Ukrainian President Volodymyr Zelensky (C) speaks to National Police Chief Ihor Klymenko (R) during a visit Thursday to Kherson to assess the damage from flooding unleashed by the destruction of the Kakhovka hydroelectric dam earlier in the week. Photo by Mykola Tymchenko/EPA-EFE
June 8 (UPI) -- Ukrainian President Volodymyr Zelensky on Thursday visited the southern Kherson region devastated by the Kakhovka dam collapse as the first deaths were reported amid warnings of landmines swept out of position by floodwaters.
The operational situation, including evacuating residents from areas that could be the next to flood, getting critical support to people in areas already underwater, repairing ecosystem damage and the military situation were among the issues the president discussed with officials, according to a post on his Telegram account.
"It is important to calculate the damage and allocate funds to compensate residents affected by the disaster and develop a program to compensate for losses or relocate businesses within the Kherson region," Zelensky added.
The first reports of deaths from both sides Thursday, suggest at least eight people have been killed. The exiled mayor of Russian-occupied Oleshky said three people had drowned, the Kyiv Independent reported. The Russian state-run RIA news agency reported that five had drowned in Nova Kakhovka, adjacent to the dam.
Zelensky's visit came as the Red Cross' weapons contamination unit told the BBC that mines laid by Russian forces that the local authorities had spent many months mapping had been scattered downstream with some now in built-up areas.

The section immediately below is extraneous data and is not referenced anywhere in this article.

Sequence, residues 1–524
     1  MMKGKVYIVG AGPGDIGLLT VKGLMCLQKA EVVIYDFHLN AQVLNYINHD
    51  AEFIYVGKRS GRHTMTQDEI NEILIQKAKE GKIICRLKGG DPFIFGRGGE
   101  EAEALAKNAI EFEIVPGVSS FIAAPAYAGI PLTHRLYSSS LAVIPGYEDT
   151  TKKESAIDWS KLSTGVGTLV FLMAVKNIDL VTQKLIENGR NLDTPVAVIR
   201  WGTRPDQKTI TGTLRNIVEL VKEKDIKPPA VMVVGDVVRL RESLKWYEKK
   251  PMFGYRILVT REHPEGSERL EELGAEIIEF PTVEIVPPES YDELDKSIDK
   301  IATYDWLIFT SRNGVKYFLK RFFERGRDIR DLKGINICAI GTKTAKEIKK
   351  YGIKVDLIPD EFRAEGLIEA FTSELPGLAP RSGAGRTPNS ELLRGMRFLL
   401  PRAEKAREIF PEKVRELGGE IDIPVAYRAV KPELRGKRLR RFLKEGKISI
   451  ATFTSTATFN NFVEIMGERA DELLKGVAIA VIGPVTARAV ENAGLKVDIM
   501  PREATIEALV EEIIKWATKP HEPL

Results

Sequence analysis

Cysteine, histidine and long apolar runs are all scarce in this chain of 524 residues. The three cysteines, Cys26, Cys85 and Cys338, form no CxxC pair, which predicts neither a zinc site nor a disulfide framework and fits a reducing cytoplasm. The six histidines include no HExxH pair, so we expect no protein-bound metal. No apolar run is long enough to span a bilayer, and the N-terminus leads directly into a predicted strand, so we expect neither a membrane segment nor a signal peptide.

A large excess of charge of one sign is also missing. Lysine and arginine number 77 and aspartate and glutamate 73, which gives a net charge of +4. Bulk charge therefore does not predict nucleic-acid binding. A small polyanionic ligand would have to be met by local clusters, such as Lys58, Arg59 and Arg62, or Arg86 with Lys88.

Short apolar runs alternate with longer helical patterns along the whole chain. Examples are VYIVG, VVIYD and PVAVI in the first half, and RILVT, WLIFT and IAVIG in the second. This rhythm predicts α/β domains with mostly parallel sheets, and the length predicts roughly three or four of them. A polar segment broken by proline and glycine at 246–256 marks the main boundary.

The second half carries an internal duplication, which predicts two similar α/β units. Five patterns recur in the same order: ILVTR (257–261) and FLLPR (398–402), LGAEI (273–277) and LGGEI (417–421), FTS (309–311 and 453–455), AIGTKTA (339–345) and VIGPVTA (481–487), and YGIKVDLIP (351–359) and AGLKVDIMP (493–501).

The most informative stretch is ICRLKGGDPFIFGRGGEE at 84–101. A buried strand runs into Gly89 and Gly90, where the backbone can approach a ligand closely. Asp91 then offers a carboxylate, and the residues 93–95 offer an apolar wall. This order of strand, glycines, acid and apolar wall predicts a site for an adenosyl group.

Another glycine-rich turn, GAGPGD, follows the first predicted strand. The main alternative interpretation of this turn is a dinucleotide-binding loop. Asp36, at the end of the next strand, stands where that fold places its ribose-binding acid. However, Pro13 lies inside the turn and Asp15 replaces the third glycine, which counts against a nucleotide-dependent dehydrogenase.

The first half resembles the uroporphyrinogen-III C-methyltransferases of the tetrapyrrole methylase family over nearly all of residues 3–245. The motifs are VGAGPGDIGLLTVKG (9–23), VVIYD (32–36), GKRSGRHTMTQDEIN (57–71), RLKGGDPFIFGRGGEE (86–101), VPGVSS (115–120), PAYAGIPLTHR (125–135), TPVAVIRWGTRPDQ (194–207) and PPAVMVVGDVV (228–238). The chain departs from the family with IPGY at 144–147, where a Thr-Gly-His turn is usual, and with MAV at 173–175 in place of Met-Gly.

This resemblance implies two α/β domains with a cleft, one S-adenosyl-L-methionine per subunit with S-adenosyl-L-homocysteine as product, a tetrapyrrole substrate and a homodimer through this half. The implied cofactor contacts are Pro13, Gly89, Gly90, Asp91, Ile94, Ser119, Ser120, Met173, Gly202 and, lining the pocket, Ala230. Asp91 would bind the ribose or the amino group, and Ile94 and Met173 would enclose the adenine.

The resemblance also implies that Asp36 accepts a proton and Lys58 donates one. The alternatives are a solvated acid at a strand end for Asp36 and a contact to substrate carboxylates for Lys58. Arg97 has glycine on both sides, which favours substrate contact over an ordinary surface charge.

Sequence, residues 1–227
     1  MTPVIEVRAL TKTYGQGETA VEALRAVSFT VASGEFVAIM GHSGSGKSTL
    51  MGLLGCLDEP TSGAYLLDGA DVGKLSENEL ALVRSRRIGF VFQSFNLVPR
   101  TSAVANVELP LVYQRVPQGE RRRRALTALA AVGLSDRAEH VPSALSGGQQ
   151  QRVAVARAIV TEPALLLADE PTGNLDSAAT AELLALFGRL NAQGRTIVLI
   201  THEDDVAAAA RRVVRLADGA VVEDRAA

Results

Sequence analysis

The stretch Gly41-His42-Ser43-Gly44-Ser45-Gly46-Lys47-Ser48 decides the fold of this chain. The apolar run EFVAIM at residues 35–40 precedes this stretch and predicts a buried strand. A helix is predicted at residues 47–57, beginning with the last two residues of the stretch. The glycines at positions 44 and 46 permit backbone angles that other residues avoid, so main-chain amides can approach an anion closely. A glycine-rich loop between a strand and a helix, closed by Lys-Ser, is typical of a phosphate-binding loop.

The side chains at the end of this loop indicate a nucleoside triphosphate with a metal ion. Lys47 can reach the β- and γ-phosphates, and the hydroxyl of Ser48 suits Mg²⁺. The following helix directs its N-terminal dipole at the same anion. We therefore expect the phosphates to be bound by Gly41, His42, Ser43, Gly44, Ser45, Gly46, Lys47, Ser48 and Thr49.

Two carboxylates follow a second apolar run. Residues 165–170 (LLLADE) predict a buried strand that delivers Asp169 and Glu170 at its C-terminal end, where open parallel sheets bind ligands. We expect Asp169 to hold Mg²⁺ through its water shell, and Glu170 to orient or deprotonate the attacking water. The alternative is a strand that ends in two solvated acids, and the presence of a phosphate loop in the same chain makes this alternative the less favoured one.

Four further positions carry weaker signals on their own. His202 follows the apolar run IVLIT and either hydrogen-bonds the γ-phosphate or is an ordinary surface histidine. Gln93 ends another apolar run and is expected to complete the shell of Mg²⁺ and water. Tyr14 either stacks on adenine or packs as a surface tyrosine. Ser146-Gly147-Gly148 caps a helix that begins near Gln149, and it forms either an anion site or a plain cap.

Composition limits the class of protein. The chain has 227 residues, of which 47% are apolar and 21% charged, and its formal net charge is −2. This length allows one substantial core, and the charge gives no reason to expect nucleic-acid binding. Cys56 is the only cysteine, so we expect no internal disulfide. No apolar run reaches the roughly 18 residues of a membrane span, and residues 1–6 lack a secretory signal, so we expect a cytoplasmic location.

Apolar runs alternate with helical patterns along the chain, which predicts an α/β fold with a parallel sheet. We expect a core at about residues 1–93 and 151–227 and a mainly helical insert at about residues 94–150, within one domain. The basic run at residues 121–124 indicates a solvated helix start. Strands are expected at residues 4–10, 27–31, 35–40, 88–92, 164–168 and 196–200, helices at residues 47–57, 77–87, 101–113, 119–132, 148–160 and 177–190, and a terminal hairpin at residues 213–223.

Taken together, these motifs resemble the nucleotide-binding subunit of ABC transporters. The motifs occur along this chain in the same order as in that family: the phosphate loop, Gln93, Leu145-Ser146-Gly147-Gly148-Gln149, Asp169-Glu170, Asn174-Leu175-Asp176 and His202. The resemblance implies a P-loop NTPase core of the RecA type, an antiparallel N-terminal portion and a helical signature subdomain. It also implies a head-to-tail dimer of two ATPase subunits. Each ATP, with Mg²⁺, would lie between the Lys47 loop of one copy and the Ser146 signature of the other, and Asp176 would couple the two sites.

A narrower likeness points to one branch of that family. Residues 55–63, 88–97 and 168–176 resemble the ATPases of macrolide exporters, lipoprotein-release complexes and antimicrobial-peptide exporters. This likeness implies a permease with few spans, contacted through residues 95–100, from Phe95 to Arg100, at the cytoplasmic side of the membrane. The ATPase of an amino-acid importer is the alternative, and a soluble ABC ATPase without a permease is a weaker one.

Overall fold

Most of the mines are triggered when someone steps on them, said Red Cross weapons contamination unit head Erik Tollefsen.
Military South Command spokeswoman Nataliya Humeniuk said the anti-infantry mines were now floating mines that "posed a great danger" because they were likely to detonate if they hit against something.
Efforts were continuing to rescue stranded residents from 18-foot deep floodwaters covering a 232-square-mile area, two-thirds of which is on the eastern side of the Dnipro River, Kherson Gov. Oleksandr Prokudin said in a video on Telegram.
Prokudin said authorities had managed to move almost 2,000 people to safety but said rescue efforts were being hampered by Russian forces continuing to shell the area.
Late Wednesday, Zelensky criticized aid agencies for being slow to respond and appealed for "clear and quick response" from the international community to help rescue people stranded by the flood, warning that people left without drinking water, food or medicine would certainly die.